The Men Who Made Canoes


The design followed partly the builder’s own preference, partly the use to which the canoe was to be put. On open water, low ends were good, to avoid wind resistance; to run the rapids, high ends would keep waves from breaking in over the bow. If there was to be a good deal of portaging, high ends were useful: at night, the canoe turned bottom-up would lie far enough off the ground to provide the bearer with shelter. A canoe built for salt water might have a hogged sheer—that is, its sides would be higher amidships than at the ends, so that the occupant could draw a heavy weight in over the sides, a net full of fish or a harpooned seal, without being swamped by a rush of water over low gunwales. Tribal fashions varied, too. Some Indians liked canoes with a sharp V-bottom and flaring topsides, and others preferred a bottom almost flat with a good deal of tumble home above the bilges. But all of them knew exactly what they were doing.

Proof of this can be seen in the way the French put the canoe to work. The famous fur trade, carried on for two centuries or more, could not have existed without the birch-bark canoe. The French gave the Indian modern tools and put him to work, and he turned out cargo-carrying craft thirty-six feet long and capable of bearing from two to three tons of freight besides the crew, but light enough to be portaged by four men. Using these, the fur companies opened the north country, virtually exterminated the beaver, turned tribal cultures inside out, and during generation after generation carried on one of the most picturesque and romantic trades the North American continent ever saw.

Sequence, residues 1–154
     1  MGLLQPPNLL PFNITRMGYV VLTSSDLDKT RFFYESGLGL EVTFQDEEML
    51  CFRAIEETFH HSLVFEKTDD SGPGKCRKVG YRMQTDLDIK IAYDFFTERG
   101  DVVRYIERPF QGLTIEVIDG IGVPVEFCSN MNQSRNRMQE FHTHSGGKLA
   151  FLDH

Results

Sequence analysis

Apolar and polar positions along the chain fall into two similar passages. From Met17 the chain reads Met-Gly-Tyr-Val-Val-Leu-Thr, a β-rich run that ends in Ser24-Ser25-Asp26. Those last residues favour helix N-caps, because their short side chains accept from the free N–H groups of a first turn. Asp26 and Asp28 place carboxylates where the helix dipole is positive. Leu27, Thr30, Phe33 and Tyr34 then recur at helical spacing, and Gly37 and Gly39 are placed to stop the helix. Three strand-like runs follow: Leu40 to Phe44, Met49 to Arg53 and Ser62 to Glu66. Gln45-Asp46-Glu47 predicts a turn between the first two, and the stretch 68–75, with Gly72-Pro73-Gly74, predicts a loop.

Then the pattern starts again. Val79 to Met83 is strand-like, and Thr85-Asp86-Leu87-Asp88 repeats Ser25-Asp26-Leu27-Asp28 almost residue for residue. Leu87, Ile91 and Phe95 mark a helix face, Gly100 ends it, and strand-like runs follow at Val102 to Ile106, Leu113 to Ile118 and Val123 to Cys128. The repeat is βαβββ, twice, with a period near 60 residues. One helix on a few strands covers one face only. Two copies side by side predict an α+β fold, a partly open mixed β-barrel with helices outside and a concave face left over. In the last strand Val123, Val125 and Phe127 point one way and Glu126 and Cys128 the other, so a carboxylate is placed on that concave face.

It was romantic from a distance; at close range it was a man-killer. The men who paddled these canoes were overworked, badly fed, and pitilessly exploited. At the portages, which were numerous, a good man was supposed to lug at least 180 pounds of freight (twice that much, very often) up hill and down dale, and the packer’s working life was very short. The fur brigades put a splash of color on the landscape from Montreal to Saskatchewan, but the individual members of these brigades paid a high price for it.

Originally the Indian did little to decorate his canoe, except that he might make a little design representing his personal mark, or signature, somewhere near the bow or stern by scraping away the outer layer of bark according to a set pattern. Some tribes liked to use porcupine-quill designs here and there, and some ran decorations along the sides just below the gunwales. A war canoe, usually carrying four warriors off on a raid, might have each man’s personal mark somewhere on its sides; if it carried a chief, only the chief’s mark would be applied.

Nothing else that the Indian made called for as much work and care as the birch-bark canoe, and in consequence it was something he valued highly. A touching illustration of this fact is provided by a discovery made about a century ago on the east coast of Newfoundland, when an Indian burial cave was found. In this cave a small boy had been buried, and his parents did their best to send their love off with him when he departed. In the cave, beside his body, there was a wooden image of the boy, toy bows and arrows, little packages of food—and a model canoe, three feet long, as carefully made as any canoe might be. Thus equipped, the youngster was left to make his last journey.